Dwyane Wade sets strong example for black dads…
(ThyBlackMan.com) If the African-American community is going to throw a Holy Ghost party because Dwyane Wade has decided to do what the overwhelming majority of black men refuse to do — take full responsibility and custody of his two sons — then I’m afraid the crisis of absentee fatherhood, perhaps the single biggest contributor to the disproportionate number of black men in prison compared to whites, still isn’t resonating as it should.
A U.S. Census Bureau Report issued last Oct., revealed that while blacks make up 12 percent of the U.S. population, in 2006 41 percent of the nation’s 2 million inmates were black. I’m willing to bet that the overwhelming majority of them grew up without a father active in their lives.
On Monday, the image of a smiling Wade and his sons, eight and three, respectively, was all over the Internet. Over the last two years, an image of Wade’s ex-wife, Siohvaughn, has emerged as a woman who physically abused the NBA superstar. She accused Wade of passing on to her a sexually transmitted disease, not spending enough time with their children, and of adultery.
Upon winning custody, Wade, named the 2007 “Father of the Year” by the National Father’s Day Committee, reiterated that he wanted his boys to have a healthy relationship with their mother, who was awarded alternate weekends with the boys in Miami.
“My life changed in a huge way,” a relieved Wade said. “Mentally, I’ve been preparing for it for over a year now. To me, it’s bigger than that. For me, it shows a lot of people that you need to fight to be in your kids’ lives sometimes. You fight until you can’t fight any more. That’s all I was trying to be, a father in my kids’ lives.”
Unfortunately, the reality in the African-American community is that this type of thinking by black men is almost an alien notion if we are to believe most studies on the absentee black dad.
Revel in Wade doing what he should do; what he feels is his natural duty, what any real man should feel compelled to do the moment his child springs forth from its mother’s womb. But viewing this as some sort of civil rights benchmark is almost as foolish as cheering the not-guilty verdict in the O.J. Simpson case while ignoring the freshly minted black convicts who that same day in 1995 flooded into penitentiaries across the nation, 90 percent of them — and that’s probably on the low end — for crimes committed in their own neighborhoods, against their own people.
Consider, if you will, a report released last October by the Council of Great City Schools that addresses the crisis some called leaders would prefer to call “dirty laundry” rather than what it is actually bordering on: self-inflicted genocide.
*Seventy percent of all African-American children are born to unwed mothers.
*Black children are three times more likely than whites to live in a single-parent home.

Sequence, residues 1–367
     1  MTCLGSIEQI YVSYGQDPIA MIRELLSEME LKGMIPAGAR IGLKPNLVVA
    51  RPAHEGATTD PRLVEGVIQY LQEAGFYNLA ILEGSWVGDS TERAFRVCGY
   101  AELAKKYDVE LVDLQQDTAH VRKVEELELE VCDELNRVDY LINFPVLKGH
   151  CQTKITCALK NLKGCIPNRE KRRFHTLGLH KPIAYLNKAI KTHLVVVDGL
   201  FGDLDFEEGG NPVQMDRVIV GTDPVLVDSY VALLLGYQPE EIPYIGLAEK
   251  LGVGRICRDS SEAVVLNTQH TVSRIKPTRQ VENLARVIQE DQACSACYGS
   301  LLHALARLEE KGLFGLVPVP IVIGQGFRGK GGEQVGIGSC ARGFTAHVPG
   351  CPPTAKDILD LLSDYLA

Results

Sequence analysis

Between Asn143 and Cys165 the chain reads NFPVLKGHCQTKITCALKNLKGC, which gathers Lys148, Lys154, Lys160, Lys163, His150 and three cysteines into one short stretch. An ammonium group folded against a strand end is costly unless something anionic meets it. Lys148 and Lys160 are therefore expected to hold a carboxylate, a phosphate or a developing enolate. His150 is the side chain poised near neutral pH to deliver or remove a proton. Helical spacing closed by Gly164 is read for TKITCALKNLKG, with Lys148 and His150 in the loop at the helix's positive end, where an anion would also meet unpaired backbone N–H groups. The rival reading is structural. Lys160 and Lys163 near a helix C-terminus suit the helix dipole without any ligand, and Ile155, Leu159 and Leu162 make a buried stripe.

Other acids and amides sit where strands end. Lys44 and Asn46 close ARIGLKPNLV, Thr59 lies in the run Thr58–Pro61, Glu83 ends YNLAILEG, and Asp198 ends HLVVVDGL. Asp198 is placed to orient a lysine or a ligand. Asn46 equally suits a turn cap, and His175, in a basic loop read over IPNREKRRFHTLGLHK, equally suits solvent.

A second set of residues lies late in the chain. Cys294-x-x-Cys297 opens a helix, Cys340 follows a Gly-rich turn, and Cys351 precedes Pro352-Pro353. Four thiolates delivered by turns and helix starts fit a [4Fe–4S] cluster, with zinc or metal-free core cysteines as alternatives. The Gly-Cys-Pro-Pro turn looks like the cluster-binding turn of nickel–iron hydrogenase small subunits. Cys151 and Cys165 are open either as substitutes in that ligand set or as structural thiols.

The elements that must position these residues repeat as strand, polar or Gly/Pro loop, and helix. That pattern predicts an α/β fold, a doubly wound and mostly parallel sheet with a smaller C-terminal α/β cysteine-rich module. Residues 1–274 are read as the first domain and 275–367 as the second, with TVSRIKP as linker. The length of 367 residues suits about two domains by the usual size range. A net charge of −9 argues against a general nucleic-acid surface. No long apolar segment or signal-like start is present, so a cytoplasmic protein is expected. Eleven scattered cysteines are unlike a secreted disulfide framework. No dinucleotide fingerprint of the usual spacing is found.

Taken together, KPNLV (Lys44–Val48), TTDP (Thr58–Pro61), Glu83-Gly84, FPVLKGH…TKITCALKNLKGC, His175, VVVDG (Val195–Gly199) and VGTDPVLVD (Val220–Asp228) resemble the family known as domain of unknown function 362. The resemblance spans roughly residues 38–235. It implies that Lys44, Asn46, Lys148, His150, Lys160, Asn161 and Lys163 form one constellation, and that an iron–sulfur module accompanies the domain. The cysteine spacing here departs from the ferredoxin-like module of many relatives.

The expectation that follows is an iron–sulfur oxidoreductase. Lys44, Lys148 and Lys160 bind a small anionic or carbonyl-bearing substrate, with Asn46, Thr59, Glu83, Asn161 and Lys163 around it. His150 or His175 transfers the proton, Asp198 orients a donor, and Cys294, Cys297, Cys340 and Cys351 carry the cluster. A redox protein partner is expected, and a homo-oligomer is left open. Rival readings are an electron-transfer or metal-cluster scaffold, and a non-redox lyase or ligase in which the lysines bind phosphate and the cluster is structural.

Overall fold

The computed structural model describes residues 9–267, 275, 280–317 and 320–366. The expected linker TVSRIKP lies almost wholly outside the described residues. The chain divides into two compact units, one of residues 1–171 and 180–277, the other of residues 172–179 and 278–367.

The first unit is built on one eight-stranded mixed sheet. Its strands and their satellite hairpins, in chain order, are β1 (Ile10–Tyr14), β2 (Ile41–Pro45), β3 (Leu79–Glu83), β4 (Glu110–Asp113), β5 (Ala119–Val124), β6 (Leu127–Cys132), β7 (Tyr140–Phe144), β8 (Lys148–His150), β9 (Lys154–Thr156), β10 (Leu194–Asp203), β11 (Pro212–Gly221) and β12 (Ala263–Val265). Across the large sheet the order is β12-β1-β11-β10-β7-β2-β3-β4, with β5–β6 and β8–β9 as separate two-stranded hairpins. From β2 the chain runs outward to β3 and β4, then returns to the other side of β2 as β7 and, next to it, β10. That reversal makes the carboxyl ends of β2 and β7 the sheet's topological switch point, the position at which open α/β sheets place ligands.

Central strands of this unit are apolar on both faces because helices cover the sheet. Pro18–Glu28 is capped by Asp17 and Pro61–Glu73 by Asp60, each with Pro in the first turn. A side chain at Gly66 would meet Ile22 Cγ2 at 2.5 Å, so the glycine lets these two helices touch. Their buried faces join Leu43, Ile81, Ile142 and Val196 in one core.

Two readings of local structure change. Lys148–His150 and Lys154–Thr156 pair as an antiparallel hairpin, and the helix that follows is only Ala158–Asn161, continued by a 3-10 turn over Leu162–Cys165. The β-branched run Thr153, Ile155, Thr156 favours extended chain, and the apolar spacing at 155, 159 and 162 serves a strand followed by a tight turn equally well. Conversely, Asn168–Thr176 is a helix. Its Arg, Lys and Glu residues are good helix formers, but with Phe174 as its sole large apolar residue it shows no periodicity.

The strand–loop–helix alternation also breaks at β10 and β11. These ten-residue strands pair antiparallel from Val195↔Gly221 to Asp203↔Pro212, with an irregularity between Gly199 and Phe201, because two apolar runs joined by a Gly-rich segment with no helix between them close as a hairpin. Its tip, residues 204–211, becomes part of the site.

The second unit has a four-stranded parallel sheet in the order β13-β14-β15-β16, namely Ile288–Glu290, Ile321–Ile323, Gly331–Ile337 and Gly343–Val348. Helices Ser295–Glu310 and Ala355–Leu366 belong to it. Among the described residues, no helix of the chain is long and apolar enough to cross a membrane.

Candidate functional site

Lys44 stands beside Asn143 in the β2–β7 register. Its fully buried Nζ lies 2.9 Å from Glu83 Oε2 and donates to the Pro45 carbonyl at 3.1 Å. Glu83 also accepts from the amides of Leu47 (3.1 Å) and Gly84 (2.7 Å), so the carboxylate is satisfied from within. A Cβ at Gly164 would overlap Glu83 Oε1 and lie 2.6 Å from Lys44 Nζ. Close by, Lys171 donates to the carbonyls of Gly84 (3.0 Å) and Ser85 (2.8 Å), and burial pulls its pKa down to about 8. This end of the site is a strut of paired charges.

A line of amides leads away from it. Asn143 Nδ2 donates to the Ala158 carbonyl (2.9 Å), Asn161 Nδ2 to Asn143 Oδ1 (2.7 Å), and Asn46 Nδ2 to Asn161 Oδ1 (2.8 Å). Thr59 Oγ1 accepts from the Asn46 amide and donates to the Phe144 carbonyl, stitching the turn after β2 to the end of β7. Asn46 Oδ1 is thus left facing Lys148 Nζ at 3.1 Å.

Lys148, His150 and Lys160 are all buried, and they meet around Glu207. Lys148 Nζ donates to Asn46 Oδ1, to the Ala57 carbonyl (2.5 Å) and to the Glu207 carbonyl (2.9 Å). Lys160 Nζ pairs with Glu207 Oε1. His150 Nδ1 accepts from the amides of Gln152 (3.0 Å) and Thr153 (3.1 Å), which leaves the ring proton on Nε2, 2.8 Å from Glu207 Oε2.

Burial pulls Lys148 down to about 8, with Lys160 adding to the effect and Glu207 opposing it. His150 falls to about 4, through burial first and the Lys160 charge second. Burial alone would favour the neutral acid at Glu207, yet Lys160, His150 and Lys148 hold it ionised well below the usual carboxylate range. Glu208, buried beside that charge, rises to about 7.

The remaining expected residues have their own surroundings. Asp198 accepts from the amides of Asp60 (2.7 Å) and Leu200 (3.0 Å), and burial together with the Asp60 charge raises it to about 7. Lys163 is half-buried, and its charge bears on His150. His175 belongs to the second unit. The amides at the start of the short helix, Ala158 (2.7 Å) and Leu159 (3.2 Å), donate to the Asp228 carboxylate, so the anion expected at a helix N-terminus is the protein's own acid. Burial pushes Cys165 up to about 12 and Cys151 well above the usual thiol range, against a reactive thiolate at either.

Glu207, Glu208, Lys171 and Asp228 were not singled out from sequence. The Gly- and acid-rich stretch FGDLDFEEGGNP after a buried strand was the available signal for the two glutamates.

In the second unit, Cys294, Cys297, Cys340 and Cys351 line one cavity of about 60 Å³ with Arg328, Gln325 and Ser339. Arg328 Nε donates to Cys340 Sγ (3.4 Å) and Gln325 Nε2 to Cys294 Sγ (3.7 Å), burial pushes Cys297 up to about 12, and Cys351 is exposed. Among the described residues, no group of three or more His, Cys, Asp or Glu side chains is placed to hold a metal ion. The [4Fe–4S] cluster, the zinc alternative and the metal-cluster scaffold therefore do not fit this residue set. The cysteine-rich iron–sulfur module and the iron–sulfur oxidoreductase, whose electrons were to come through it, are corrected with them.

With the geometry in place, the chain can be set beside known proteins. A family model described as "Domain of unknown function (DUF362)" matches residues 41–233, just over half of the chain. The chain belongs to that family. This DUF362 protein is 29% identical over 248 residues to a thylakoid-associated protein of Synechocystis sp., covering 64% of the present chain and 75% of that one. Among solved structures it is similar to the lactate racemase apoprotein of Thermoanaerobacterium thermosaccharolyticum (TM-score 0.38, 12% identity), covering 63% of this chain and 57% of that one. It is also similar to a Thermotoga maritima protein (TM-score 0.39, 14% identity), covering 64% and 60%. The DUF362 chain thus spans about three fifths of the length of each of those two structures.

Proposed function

*In 2008, black males were imprisoned at a rate six-and-a-half times higher than white males.
*By the time they reach their mid-30s, a majority of black men without a high school diploma has spent time in prison.
Not for one second do I discount the role of racial and economic injustices that have helped to decimate the black community decade after decade after decade. Nor am I ignoring the ongoing deterioration of the public school system in the big cities and the poor rural south that are so dominated by black faces.
But in this depressed economy, isn’t it at least common sense to suggest that if there ever were a time for black families to coalesce that time is right here and right now?
This deplorable state hasn’t been orchestrated solely under the conduction of black men. No, he often has a willing accomplice in the black women. Too often, the black woman makes it impossible for her mate — already marginalized from the time he exits the front door until he comes home — to find rest in her bosom. There are thousands of extraordinary black men who desperately want to do right for their children.
But make no mistake about it, there are just as many black women who embody the monstrous matriarch from Precious, if not in the way she was played by Mo’Nique than in other abominable incarnations, making life with her under the same roof unbearable.
When a horrifically bad team plays better than expected but still winds up on the losing end of a game, sportswriters, searching for a storyline, like to suggest to the coach of the scrubs that this was a moral victory. And oftentimes the coach, wanting to blunt the pangs of yet another loss, will follow along with the mindless narrative.
He’ll take the easy way out.
Wade didn’t. Applaud him.
But don’t think for one minute that he is the rule and not the exception.
Written by John Mitchell
Official website; http://twitter.com/jmitch65Share